Ridgeview Lake Loop

This great beginner hiking trail allows you to enjoy beautiful views of Ridgeview Lake. Starting at the Eskers Provinicial Park parking area, walk along the trail past the marsh view point and continue on until you cross a small bridge and see a Park Map. Turn left walking along Ridgeview Lake. There are interpretive signs on the trail explaining the types of plants and trees in the park. The trail continues further on gradual ups and downs walking through open areas and through beautifully forested areas. Some of the trees you will see in the park are Black Pine, Birch, Lodgepole Pine, and many more. Each time you get to a fork in the road there is a park map telling you where you are currently that way you don't have to worry about getting lost. Once you make it up Ridgeview Lakes ridge you get a beautiful view of the lake and there are two benches to relax in and soak up the sunshine and view. The only sounds you hear are the birds chirping and the wind softly blowing by. It is such a lovely and peaceful hike for any level of hiker.


Fires aren't permitted in the park and if you bring your dog they are supposed to be leashed the whole time. Keep on the trails as well. There is no need to veer off them. Fishing is allowed at the lakes farther into the park, but make sure you have a proper fishing license before heading out there.

 

Hellroaring Falls

Explore a surreal moss-covered forest surrounded by an old growth Hemlock leading to Hellroaring Falls. Once you are at the trailhead, the hike to the falls is relatively short. The first section of the trail is a bit overgrown with devils club. I would recommend wearing pants and not shorts. There is a steep hill at the beginning, with a rope for assistance and then the trail quickly levels out. The last bit of the walk is absolutely beautiful. The whole forest is covered with moss as if it were straight out of a fairy tale. After walking through the mossy forest there is a bit of a scramble down to the VERY slippery rocks to view the wonderful Hellroaring Falls.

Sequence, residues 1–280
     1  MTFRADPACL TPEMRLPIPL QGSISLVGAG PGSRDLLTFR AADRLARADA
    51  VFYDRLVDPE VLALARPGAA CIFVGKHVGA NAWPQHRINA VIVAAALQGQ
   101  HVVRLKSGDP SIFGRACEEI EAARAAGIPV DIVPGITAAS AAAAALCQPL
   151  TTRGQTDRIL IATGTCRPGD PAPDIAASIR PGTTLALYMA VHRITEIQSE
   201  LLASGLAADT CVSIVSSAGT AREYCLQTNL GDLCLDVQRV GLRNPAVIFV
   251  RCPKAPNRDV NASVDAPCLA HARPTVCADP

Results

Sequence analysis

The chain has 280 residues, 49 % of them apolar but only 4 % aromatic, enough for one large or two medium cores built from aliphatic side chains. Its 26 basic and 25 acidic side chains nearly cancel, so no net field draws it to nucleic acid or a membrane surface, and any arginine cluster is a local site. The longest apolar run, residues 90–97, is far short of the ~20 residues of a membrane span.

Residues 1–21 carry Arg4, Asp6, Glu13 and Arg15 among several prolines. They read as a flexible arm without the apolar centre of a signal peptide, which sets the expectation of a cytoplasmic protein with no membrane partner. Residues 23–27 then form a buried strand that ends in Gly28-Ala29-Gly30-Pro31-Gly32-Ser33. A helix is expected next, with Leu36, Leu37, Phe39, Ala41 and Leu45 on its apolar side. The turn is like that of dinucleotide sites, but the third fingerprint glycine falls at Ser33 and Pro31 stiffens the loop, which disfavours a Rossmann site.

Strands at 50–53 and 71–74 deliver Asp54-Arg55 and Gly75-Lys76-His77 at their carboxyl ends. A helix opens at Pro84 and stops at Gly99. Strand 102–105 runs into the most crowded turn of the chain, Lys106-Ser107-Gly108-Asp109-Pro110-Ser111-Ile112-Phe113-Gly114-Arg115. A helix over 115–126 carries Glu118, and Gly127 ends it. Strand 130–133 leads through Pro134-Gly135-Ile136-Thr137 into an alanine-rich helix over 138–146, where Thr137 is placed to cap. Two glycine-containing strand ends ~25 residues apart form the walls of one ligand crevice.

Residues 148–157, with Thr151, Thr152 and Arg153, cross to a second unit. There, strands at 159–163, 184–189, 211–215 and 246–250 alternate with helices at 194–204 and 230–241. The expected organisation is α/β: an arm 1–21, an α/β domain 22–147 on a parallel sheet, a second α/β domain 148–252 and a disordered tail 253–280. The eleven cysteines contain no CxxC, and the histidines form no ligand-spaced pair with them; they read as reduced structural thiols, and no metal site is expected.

Please be careful walking on the slippery rocks, it hurts when you fall on them.

 

Upper Morkill Falls

Take a scenic dirt road drive to the impressive and huge Upper Morkill Falls plus two other pretty waterfalls across from the main waterfall. As soon as you park in the small gravel parking lot you will be able to hear the thunderous sound of the Upper Morkill Falls. It is the most impressive waterfall in the Robson Valley and with good reason. The viewpoint brings you right to the top of Upper Morkill Falls where it feels as though you can almost touch it. The waterfall is so loud that you have to yell to the person standing next to you. To top it off there are two waterfalls adjacent to Upper Morkill Falls, one is clearly visible across the river and the other is off to the left in the trees. The walk to the viewpoint is less than a minute long.


Safety Tip: Be VERY careful standing near the edge of the waterfall as there are NO guard rails or any safety devices to prevent you from falling.

 

Hope you enjoyed today's post. While some of these are not really long hikes, (like the one above); I still consider them hikes and thought it would be good to include them.